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Victims Help Each Other Overcome Flames' Scars on Bodies and Minds

November 16, 1986|ADRIAN HAVAS | Times Staff Writer

TORRANCE — Nine months after the industrial explosion that burned most of his body, Jerry Lorenz is still dealing with his physical and emotional wounds.

"The mental depression is every bit as bad as the pain is," said Lorenz. "You have to look back and see blocks of time to realize that progress has been made, because you can't see it every day."

The things most of us take for granted are milestones to Lorenz. In March, he finally got out of bed, and now he can lift a spoon to his mouth. He drives short distances, although his doctor advises against it. His major problem is the extreme itching that means his skin is growing back.

But Lorenz, who was a welder for the city of Torrance, still needs help coping with his recovery and concerns about resuming a normal life. The loneliness and despair that follow a serious burn can be unbearable. And then there are the withering stares endured by the facially disfigured.

To help deal with these and other concerns, Torrance Memorial Hospital Medical Center started its Burn Support Group in August. It is the only one of its kind in the South Bay, and one of four in Los Angeles and Orange counties. Twenty-five to 30 burn survivors, family members, and hospital staff typically attend each monthly meeting at the hospital.

The psychosocial problems of burn survivors first drew attention in the late 1970s with publication of Massachusetts psychiatrist Norman R. Bernstein's book, "Psychosocial Problems of Facially Disfigured Burn Victims." Advances in medicine were saving more people with serious burns, and doctors realized that a new kind of outpatient rehabilitation was needed.

For Lorenz, the support group offers an opportunity to air frustrations and relate to others who have been burned. "When you have a big burn you worry about where you are going to end up," said Lorenz at his Redondo Beach home. "So you see other people who have been able to recover and resume a normal life. When I came there I felt some sense of relief that I will get better."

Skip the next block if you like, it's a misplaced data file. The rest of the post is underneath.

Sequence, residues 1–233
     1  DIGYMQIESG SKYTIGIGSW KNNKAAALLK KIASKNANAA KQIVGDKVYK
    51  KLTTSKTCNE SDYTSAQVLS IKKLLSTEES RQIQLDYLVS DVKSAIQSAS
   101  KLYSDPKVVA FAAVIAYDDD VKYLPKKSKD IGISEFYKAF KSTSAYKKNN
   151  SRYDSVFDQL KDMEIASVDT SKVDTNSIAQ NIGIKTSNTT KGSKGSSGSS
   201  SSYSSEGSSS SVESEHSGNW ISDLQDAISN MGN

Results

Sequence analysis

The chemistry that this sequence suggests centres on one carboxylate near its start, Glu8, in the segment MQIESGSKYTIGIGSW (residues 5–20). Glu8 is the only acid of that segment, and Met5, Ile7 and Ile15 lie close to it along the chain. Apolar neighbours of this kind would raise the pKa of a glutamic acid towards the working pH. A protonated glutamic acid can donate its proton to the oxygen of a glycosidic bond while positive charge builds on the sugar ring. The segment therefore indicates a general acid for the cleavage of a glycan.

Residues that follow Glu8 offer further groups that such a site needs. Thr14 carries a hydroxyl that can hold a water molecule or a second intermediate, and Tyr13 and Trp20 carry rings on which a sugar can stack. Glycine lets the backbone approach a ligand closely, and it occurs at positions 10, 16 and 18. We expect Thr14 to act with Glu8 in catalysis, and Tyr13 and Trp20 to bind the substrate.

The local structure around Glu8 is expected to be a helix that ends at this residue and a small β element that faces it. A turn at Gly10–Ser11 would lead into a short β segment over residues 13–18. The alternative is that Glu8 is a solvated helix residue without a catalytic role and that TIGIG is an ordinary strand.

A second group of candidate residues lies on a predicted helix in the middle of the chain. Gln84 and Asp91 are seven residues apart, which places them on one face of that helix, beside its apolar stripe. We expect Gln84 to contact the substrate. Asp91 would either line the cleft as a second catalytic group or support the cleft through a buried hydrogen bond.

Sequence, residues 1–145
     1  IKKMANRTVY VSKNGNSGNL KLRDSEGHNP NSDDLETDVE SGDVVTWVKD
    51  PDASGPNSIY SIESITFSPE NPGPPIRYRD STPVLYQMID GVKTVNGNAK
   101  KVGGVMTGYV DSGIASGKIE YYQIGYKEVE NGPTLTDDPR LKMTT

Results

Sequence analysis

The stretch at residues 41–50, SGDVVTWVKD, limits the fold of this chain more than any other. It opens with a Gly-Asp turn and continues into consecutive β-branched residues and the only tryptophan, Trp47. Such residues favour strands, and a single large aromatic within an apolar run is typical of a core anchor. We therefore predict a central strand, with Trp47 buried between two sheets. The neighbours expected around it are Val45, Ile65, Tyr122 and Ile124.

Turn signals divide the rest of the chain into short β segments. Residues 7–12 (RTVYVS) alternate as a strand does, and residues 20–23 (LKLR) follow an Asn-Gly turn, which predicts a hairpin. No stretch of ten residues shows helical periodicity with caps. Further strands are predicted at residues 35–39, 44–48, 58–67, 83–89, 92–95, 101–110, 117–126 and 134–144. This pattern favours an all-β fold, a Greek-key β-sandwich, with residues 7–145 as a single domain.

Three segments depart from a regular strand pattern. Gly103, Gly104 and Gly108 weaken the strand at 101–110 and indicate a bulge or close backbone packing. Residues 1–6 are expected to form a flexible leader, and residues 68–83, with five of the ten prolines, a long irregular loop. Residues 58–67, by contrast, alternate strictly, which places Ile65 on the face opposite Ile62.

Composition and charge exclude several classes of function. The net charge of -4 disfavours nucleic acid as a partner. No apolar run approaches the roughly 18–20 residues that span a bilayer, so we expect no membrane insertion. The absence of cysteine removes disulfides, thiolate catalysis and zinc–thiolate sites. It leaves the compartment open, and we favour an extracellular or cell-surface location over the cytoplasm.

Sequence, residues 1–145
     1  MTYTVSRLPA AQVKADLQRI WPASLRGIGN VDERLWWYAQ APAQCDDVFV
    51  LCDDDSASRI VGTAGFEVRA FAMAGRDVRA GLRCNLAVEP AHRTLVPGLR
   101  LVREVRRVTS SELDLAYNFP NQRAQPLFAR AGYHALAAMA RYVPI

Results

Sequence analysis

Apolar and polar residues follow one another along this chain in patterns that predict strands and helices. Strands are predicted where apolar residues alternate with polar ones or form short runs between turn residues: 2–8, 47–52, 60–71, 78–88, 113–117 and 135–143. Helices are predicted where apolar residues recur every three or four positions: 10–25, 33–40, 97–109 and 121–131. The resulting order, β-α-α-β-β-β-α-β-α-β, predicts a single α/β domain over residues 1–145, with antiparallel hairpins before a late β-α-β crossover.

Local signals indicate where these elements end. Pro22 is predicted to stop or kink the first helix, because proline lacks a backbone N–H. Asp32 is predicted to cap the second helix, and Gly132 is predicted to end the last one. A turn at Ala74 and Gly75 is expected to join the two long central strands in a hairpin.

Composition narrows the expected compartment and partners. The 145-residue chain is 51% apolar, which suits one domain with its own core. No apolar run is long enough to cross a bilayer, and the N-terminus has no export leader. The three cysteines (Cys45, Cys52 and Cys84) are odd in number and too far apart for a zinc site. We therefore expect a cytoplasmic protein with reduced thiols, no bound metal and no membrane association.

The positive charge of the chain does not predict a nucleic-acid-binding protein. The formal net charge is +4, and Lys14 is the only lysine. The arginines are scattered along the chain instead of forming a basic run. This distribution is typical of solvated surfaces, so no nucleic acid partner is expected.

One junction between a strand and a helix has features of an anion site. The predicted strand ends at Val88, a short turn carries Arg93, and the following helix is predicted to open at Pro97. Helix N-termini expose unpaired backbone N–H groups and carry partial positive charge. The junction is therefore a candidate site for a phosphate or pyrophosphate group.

Emotional and physical recovery varies with each burn victim, depending on how each copes with adversity, said Janice Miyashiro, burn support group coordinator.

"I think to some degree it depends upon what your life experiences have been," said Miyashiro. "If you had a life where you had to deal (with) multiple problems, you are going to draw upon that experience. You see those who cope very well, and you see those who have a difficult time who take longer."

Nearly two dozen participants in a recent meeting ranged from a 9-year-old Los Angeles boy severely scarred in a house fire in September, to Arthur Savedra, 32, burned in a 1978 motorcycle accident. Typically, the meeting of victims and family members on a recent evening began with explanations of what brought each to the session. Then it moved on.

Steve Tuflija, 31, a blond and bearded bear of a man, who was burned over 75% of his body eight years ago while installing refrigeration equipment, talked about the recovery process. "It is something you just have to stick with," said the San Pedro businessman. "If you want your normal life, it's there. It just takes a lot of work to get there."

A slight Filipino woman, who like many in the group asked that her name not be used, sat silently. Burned over much of her body in a car accident in July, she wore Jobst pressure garments, elastic apparel that reduces scarring by flattening the skin. Bandages covered her face except for her mouth and one eye. Miyashiro asked her how things were going.

"Sometimes I am kind of down," the woman said quietly. "I'm like this and I used to be normal."

"Why Me?"

Tuflija, wearing shorts and a Hawaiian shirt that exposed extensive scarring, turned to her and said, "You are still normal. The question always comes up: 'Why me?' "

"And then you think: Why not?" said Barbara Kammerer, 43, a Huntington Beach teacher who suffered second- and third-degree burns over 30% of her body in a 1977 car accident. Kammerer lost the fingers on her right hand. Her left hand was disfigured. Her entire face had to be reconstructed. Five months after her accident, her boyfriend left her.

"He just didn't have the makeup as a person to be there for me," Kammerer said later in an interview. "I would say that if the relationship is not on solid ground (before someone is burned) I can about guarantee that the relationship is in big trouble."

Kammerer said that at first she couldn't imagine resuming a normal life. "I felt for a long time that I wanted to die. I wasn't sure whether a man would ever want to hold me again, kiss me again and dance with me again."

Kammerer said her life improved when she learned to ask for emotional support ."

Founded School

She said the "down days" are rare now. Five years ago she founded the School Re-Entry Program for Burned Children, which helps youngsters resume their schooling by preparing their teachers and classmates for the burn patient's return.

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